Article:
Sinusitis—the inflammation or swelling of the tissue lining the sinuses—is one of the most common chronic medical conditions in the United States.
It may not sound like a serious condition; however, those who have sinusitis tend to miss more work or school, experience facial pain and pressure, feel tired and even suffer from pain in their teeth.
There are four sets of sinuses:
- In our forehead
- Under our eyes
- Two sets between our eyes
When the sinuses get inflamed, they become blocked and filled with fluid. This allows germs to grow, get trapped and cause an infection.
So how do you treat this?
By definition, “chronic” means more than three months at a time. If you’re experiencing issues that won’t go away with over-the-counter medication, it’s time to seek medical care. Start with your primary care physician, who is familiar with your medical history and can determine initial steps and medications to try.
It may take a few tries to fine-tune your treatment, but most patients with sinusitis can be treated effectively without having surgery.
About 80 percent of patients with chronic sinusitis have allergies, which is the most common cause of swelling in the nose.
Is Sinus Surgery Right For You?
If avoiding allergens or trying tailored medications and topical nose sprays don’t help, your physician may refer you to an ENT (ear, nose and throat) specialist for sinus surgery.
If sinus surgery is recommended, asking your doctor these questions can help you understand your options:
Which sinuses are blocked?
It’s important to identify and understand where you may have obstruction or where your sinuses aren’t draining properly, as not all surgical interventions treat all four sets of sinuses. Your physician may order a CAT scan to get a clearer picture; ask them to go over the findings with you. Make sure you’re not sick when you get your scan. In general, patients who do not have sinus blockages shown on their CT scans should not undergo surgery.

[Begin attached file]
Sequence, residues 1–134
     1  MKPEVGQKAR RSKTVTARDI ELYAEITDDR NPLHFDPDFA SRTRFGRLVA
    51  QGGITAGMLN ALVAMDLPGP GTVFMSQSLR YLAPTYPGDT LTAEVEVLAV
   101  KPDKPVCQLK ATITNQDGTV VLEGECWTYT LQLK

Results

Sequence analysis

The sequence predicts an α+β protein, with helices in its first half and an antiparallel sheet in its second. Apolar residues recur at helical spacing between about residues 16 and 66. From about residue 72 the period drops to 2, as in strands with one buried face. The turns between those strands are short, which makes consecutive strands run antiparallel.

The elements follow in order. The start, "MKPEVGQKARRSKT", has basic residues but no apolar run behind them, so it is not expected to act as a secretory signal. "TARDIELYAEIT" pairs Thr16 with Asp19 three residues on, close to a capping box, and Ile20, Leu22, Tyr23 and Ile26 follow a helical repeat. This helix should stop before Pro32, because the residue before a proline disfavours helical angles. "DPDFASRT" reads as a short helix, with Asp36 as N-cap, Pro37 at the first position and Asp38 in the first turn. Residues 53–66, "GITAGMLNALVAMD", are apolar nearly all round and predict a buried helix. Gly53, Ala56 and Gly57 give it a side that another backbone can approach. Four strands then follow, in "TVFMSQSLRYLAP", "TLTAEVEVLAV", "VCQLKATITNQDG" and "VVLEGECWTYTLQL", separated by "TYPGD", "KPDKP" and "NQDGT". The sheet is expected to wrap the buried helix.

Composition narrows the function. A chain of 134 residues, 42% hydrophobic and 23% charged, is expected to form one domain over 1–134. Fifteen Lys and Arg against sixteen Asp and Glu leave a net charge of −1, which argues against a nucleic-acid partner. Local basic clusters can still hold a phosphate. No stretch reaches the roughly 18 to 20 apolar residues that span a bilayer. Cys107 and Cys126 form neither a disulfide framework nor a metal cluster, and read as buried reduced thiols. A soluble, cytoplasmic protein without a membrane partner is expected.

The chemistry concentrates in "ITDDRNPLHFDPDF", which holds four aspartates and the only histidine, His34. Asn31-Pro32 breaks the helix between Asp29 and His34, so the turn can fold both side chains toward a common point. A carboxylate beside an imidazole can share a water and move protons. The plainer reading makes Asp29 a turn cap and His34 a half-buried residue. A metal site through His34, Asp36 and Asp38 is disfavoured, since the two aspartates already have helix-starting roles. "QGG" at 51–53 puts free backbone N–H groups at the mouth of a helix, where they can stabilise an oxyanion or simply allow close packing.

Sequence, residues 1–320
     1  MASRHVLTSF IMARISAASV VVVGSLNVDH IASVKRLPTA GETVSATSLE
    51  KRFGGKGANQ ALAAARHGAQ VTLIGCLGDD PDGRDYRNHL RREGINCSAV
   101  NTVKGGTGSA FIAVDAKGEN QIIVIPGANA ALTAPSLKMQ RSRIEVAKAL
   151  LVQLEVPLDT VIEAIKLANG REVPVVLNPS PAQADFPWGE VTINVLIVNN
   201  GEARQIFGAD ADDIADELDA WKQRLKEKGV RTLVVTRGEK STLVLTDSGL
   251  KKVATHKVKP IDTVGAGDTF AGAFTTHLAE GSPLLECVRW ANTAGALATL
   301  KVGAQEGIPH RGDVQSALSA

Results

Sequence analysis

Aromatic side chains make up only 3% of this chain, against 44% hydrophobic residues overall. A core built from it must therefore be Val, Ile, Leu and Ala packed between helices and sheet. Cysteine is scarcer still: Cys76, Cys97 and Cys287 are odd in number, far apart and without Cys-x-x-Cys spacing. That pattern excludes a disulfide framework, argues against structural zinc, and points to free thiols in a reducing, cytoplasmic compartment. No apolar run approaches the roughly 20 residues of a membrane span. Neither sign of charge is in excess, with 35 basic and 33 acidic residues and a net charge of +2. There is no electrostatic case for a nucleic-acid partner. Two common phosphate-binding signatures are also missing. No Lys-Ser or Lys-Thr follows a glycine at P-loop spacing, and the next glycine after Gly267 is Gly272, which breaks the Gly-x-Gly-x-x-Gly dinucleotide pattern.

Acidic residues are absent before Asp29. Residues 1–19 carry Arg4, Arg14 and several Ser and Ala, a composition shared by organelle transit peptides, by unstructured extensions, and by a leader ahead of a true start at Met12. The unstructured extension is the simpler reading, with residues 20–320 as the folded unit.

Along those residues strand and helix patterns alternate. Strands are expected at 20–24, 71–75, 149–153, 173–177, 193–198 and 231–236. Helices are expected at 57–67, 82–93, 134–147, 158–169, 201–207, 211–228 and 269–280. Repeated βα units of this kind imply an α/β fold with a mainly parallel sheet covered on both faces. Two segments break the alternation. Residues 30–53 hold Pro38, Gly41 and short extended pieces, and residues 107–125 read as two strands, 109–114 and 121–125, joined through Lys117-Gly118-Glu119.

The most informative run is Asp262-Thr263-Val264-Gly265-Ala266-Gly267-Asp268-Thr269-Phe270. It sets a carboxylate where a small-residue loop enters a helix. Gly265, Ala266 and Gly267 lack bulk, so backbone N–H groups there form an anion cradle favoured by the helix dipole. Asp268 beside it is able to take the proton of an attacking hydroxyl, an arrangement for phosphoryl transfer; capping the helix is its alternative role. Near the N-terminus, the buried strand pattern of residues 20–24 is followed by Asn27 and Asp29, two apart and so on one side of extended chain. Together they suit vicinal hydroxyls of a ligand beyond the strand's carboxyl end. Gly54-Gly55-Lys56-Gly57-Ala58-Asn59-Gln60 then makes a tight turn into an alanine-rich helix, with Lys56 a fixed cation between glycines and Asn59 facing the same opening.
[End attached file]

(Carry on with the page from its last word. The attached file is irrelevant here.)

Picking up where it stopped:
Where will you perform my surgery?
Having your surgery done in a few minutes at an outpatient clinic may sound enticing; however, it’s important to consider your surgeon’s background and experience. Complications from sinus surgery are rare but can be serious. Most sinus surgeries are still being performed in an operating room, with patients under some level of anesthesia.
If you are considering undergoing a surgical procedure in an outpatient clinic, your surgeon should help you understand how complications would be treated and who would treat them. If this is not part of your initial discussion, asking about these issues can help you make good decisions regarding your care and will help you ensure you have a comprehensive care team
Are you being paid to use specific techniques?
This might be the most uncomfortable question of all, but some physicians receive direct payment from the industry to use certain techniques. As a nonprofit health care system, Carilion Clinic does not operate in this manner.
Being a well-informed patient can help keep you from being over- or undertreated. Have an open dialogue with your physician and your surgeon—it’s likely that you may come to an effective plan with you care team sooner if you ask the right questions.
Dr. Cable is the section chief of Carilion Clinic’s Otolaryngology Clinic and is a professor of surgery at the Virginia Tech Carilion School of Medicine. He leads a team of ENT specialists at facilities in Roanoke, Christiansburg, Wytheville and Smith Mountain Lake.
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